Skip to content

The Holy Apostles in History

by Anastasios Hudson on June 29th, 2011

Dear Friends in Christ,

Summer is here again, but was there really a Spring this year in North Carolina?! We’ve all been trying to cope with the heat in various ways. I’m certainly thankful that our Church building has great air conditioning, especially when I serve the liturgy wearing several layers of vestments!

With summer comes one of the four fasting seasons of the year, the Apostles’ Fast. This fast varies in length each year based on when Pascha occurs. It can be anywhere from 8 to 42 days; this year, it is 22 days (June 20 through July 11, on the civil calendar). It’s a time when we can take a break from all the festivities of summer to refocus our spiritual priorities and honor the Holy Apostles who carried the Gospel to the ends of the known world.

Why do we have this fast? As we know from Scripture, “And Jesus said unto them, Can the children of the bridechamber mourn, as long as the bridegroom is with them? but the days will come, when the bridegroom shall be taken from them, and then shall they fast” (Matthew 9:15). Christ ascended to Heaven 40 days after Pascha, and then on the 50th day, the Holy Spirit descended on the Apostles, and they went out to preach. Holy Tradition teaches us that the Apostles’ Fast comes from their desire to prepare for their missionary activity by fasting, just as Jesus had fasted before beginning his ministry, and as He stated they would do when He was no longer with them (Jesus is the Bridegroom in the verse above).

The Holy Apostles hold a great place of honor in the Church. They were witnesses to the Resurrected Lord, and their preaching, having been given great power by the Holy Spirit, converted thousands to the Church. They passed their authority on to apprentices, who took up the leadership role we know as the office of bishop. In fact, the Apostles and their ministry was part of what prompted me to become an Orthodox Christian (for those who do not know already, I was raised Lutheran).

Back when I was a Protestant, we used to hear a lot about the Bible. We also used to hear a lot from 16th century Reformation authors like Martin Luther, whose catechism we studied in confirmation class. Finally, the minister and Church leaders often incorporated modern authors into their sermons and talks. But what we never heard about, at least in the Churches I was a member of, was the teachings of those who came between the Bible and Martin Luther—1400 years of Church history!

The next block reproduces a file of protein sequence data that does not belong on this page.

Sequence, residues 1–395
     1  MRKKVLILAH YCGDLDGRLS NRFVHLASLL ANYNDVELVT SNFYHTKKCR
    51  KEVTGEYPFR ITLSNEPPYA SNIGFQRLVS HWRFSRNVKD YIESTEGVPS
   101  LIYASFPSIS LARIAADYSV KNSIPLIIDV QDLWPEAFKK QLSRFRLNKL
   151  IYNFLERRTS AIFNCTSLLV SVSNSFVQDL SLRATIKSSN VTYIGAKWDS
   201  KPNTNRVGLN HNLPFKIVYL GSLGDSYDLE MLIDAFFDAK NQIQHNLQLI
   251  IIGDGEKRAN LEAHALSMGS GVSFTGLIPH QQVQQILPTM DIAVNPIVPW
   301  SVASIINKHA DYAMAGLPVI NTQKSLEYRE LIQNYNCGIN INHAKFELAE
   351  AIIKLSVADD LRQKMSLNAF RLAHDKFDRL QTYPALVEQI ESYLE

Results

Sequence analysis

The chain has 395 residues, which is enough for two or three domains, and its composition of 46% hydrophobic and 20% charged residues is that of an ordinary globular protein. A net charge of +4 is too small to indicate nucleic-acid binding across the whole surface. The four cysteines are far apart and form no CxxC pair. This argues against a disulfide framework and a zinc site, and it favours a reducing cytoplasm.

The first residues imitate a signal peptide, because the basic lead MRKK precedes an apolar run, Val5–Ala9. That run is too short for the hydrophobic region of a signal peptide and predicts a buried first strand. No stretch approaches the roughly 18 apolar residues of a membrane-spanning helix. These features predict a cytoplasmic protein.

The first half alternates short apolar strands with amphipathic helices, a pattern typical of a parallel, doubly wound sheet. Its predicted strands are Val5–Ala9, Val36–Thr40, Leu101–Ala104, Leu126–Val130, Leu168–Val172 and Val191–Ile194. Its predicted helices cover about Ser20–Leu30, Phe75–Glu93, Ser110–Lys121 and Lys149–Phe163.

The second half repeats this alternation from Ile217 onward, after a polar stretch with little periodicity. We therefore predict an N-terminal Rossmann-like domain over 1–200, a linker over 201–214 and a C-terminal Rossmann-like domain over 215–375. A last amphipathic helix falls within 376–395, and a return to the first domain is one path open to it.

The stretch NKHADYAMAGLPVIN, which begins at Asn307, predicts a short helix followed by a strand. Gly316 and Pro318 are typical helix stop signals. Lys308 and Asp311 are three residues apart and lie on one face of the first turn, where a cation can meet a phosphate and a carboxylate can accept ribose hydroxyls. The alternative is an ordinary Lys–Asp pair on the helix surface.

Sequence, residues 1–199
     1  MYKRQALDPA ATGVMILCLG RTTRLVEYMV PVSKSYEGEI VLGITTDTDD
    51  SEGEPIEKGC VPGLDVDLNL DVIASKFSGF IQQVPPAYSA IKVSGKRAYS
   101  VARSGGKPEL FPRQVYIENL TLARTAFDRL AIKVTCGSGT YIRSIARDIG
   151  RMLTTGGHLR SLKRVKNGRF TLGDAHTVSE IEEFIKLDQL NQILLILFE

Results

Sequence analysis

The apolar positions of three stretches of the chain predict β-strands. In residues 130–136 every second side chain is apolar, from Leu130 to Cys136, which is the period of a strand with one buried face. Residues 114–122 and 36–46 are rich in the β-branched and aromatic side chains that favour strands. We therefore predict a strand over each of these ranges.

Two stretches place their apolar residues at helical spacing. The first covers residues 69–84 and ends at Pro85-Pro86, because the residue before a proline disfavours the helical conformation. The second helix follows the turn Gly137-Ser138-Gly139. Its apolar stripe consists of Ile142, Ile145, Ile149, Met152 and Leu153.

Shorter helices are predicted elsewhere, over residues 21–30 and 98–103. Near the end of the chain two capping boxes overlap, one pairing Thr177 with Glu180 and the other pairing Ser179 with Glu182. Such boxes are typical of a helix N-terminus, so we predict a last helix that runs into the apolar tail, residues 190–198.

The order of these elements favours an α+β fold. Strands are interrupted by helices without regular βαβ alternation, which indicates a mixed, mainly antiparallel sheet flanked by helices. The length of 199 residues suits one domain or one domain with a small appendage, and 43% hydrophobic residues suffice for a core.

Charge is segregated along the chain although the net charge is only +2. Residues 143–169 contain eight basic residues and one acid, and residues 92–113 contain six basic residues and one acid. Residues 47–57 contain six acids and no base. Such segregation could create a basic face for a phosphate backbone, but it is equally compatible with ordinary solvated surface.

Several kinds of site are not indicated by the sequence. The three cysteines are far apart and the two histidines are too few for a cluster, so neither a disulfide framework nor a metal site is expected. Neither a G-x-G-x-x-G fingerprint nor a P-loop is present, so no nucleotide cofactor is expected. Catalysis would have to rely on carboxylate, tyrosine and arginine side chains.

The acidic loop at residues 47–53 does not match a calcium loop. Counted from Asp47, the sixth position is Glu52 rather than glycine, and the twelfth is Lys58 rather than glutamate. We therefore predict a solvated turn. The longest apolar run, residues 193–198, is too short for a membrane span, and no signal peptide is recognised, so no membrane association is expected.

There was a general feeling that after the Bible, things “went wrong” as the Catholic Church arose, adding to Scripture doctrines that were not originally found. I wondered, however, what happened after the Apostles? Did things really “go wrong?” What were the original beliefs, and how was the Bible originally understood? I had heard that Thomas went to India, and that Peter and Paul died in Rome, but I imagined that their Churches were a loose confederation of independent bodies, having differing opinions on various teachings. I was sure wrong!

Discovering that there were bishops in each of these places today, who stood in a direct line from the Apostles, had a profound effect on me. Studying the history between point A and B, then, led me to understand that after the Apostles was a rich history that I, as a Protestant, was quite ignorant of. Eventually, I became an Orthodox Christian, because I realized that the Apostles and their teaching, and that of their successors (whose writings are also preserved) were Orthodox. The Orthodox Church today is the same Church as the Churches established by the Apostles.

On June 29 (July 12 on the civil calendar), we will celebrate the feast of Saints Peter and Paul, who ministered primarily to Jews and Gentiles respectively, and were martyred in Rome in the first century. This will be the end of the Apostles’ Fast. The next day, we will celebrate the Feast of all the Holy Apostles. For those wishing to learn more about what happened to each of the Twelve Apostles, I recommend the book The Lives of the Holy Apostles by Holy Apostles Convent. For those wishing to know more about how the early Church developed after the death of the Twelve Apostles, I recommend the book The Early Church by Henry Chadwick.

When studying their lives, remember that the word Apostle comes from the Greek verb “apostello,” which means “to send out.” The Holy Apostles were ones sent out on mission. We have been placed by God in Greenville, North Carolina, in order to be on mission here among our neighbors, friends, and family. Let us learn from the Holy Apostles, and ask their intercessions, that we will imitate their ways and spread the Church of Christ throughout Eastern Carolina, and anywhere else we may be called!

In Christ,

Fr. Anastasios

No comments yet

Leave a Reply

Note: XHTML is allowed. Your email address will never be published.

Subscribe to this comment feed via RSS